Archive for February, 2011

Startup HR: Interviews and Discrimination

February 24th, 2011

Let’s start with the compliance side of things and hiring. It is really all about risk management- how protected do you want to be and how likely are you to be sued.  You’ll never be 100% protected even if you’re doing everything right you’ll still have to foot the bill to prove that’s the case. It is all in how you decide to manage it-just don’t live in fear letting it keep you from doing the right thing or from your core business.

I’ll cover recruiting and interview sample questions later but first a word (post) about interview questions and employment law. If you’ve ever had any training in a company about interviewing discrimination has probably come up. There are various federal, state, and even city regulations that prohibit discriminating when making employment decisions (hiring, firing, promotions etc.).

There are protected “classes” (race, national origin, religion, age, disability, etc.) that vary depending on the law and level (I believe there is a city in CA that has an anti-ugly discrimination law). A lot of typical HR tools or methods, like interview questions, are used so that the company can defend itself against discrimination claims which can be costly.    

However, most startups will tend not to have issues with this because they’re looking for people who can help them execute instead of focusing on other characteristics that have nothing to do with their ability to do their job. That being said the other reason most startups tend not to have issues with this is because the laws don’t apply to them. That’s right you’re above the law or rather below it. Check your local laws but almost all the federal laws only apply to organizations that have 15 full-time employees. 15 is the magic number-If you’ve grown past that number-my condolences-you are now exposed to a lot more liability.

All is not lost though especially if you continue to focus on finding people to do the job. If you are already past 15 employees then make sure you don’t ask questions that would cause someone to think you’re considering one of those non-job related characteristics. The most common mistakes happen during the informal or rapport building part of the interview. Things like, “Wow, that’s an interesting name, where’s it from?” (Basis for national origin discrimination) or asking about family (possible gender or sexual orientation discrimination). You probably don’t want use or at least say anything that would indicate you use Facebook as a background checking tool.

Bottom Line: Just focus on the job and whether they can do it or not and you’ll be fine.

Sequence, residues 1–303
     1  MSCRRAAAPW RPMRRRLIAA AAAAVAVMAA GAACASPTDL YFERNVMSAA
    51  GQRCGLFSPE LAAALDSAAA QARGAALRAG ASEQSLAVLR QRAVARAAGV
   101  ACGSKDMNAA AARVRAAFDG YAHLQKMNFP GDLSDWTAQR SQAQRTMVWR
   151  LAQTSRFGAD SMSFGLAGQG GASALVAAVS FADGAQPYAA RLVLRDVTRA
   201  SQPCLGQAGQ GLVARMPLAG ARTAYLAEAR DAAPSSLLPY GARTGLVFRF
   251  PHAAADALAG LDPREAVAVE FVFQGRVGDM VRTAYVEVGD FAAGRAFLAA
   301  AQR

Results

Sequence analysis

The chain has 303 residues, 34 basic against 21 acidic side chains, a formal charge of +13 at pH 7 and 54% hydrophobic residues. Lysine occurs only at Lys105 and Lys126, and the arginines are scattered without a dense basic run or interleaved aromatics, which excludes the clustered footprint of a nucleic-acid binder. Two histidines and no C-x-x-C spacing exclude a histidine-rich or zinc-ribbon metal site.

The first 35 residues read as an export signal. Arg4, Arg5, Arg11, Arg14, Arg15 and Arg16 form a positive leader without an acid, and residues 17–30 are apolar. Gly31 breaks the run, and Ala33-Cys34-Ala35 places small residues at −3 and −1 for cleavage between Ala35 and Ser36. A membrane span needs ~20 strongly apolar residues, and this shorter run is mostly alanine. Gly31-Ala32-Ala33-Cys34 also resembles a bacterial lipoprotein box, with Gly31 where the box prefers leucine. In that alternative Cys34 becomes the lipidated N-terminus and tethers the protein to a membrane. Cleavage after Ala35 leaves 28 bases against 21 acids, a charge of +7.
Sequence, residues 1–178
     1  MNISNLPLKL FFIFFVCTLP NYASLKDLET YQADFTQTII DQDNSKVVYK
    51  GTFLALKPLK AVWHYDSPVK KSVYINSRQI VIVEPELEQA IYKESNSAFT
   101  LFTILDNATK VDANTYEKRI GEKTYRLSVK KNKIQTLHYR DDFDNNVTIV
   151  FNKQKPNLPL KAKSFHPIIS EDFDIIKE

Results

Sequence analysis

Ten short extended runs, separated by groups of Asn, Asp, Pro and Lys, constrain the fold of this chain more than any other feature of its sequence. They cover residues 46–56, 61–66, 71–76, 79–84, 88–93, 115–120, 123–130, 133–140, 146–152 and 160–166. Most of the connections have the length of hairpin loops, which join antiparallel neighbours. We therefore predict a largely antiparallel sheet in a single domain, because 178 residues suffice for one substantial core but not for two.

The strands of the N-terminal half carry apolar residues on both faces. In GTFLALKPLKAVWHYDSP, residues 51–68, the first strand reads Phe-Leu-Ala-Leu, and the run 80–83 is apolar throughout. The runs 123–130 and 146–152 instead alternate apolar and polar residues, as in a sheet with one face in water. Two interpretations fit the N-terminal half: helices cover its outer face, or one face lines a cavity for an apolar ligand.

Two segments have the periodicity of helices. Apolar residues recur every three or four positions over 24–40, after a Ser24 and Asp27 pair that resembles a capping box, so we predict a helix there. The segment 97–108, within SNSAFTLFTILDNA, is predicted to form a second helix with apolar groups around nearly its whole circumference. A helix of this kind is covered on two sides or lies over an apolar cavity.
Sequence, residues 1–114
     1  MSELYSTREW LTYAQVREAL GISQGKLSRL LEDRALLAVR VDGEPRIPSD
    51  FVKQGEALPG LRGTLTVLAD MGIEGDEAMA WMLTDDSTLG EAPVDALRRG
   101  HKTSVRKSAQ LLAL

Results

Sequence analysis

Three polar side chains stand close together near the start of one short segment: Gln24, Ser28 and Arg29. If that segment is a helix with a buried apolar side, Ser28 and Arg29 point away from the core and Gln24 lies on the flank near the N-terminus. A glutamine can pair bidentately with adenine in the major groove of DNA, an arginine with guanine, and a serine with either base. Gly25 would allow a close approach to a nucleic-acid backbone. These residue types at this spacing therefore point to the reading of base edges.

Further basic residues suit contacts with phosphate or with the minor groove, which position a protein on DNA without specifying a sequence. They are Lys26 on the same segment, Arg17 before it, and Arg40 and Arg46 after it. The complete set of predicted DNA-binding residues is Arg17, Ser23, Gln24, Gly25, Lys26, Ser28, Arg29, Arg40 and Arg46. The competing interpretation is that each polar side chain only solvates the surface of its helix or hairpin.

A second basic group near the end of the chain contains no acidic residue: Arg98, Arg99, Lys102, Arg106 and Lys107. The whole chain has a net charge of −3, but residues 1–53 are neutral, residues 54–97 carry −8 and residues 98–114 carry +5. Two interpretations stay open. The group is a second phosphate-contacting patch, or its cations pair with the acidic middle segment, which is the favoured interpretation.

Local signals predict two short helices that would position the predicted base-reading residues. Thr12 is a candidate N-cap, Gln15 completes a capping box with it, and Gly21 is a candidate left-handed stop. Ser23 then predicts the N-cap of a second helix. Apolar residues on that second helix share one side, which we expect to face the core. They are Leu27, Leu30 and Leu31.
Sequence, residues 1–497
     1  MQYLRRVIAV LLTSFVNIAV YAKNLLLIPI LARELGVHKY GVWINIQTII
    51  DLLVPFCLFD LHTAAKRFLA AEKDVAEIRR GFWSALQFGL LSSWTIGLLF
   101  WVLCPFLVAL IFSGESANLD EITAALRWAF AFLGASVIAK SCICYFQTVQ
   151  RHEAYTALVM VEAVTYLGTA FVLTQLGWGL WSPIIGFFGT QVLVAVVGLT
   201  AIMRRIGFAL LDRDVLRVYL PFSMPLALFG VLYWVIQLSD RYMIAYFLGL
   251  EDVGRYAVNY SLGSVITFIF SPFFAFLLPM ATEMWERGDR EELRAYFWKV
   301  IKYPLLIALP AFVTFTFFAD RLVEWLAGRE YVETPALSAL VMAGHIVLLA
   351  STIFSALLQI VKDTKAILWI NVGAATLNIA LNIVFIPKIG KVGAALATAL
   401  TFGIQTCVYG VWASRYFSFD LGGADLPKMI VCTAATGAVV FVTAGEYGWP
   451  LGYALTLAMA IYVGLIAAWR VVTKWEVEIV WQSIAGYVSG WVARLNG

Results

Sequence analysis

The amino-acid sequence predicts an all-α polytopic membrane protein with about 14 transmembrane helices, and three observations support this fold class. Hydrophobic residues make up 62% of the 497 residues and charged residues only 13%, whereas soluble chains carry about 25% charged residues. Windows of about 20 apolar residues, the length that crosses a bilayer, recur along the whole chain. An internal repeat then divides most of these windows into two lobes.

Startup HR

February 23rd, 2011

As part of a recent SBIR funded project to create a search engine for entrepreneurs that can help them locate resources and information, I’ve been looking for HR advice or rules of thumb and have seen not too much.  So I’m going to spend the next few posts sharing what I’ve learned or resources I come across so there isn’t too much of a dearth of information that is hopefully somewhat useful.

So when I think of iconic HR professionals in pop culture Catbert and Toby from The Office come to mind first. Interesting role models, huh? Corporate Human Resources department can play a variety of roles in a large organization but basically boils down into Compliance, Processes, and People.  Though for startups it is mostly about People and the “have to’s” of Compliance. 

Compliance would be anything required by the government and things that are supposed to protect you in the event of a lawsuit. A lot of these things can and ideally should be outsourced, assuming you have the money so you can focus on more important things like adding value to your customers’ lives so they’ll pay you. If you don’t have the money then I’ll try to walkthrough what you need to know about hiring, firing, and paying people as well as what employment laws you might need to watch out for.

Processes in a corporation would be things that you do on a regular basis every year. As a new business you won’t have many of these, especially if you’re searching for the right business model. After you’ve figured out a way to make money in a consistent and scalable way then you’ll start to create processes that are standardized for your protection from wasted time.

People are the most important part. You’ve got to find the right people to help you, convince them to do so, and keep them interested, focused, and productive.

I’ll probably end up breaking it down further as I get into it and try to follow some sort of chronology of an employee or startup lifecycle but no promises.   Let me know if anyone has specific questions as I meander through these topics.

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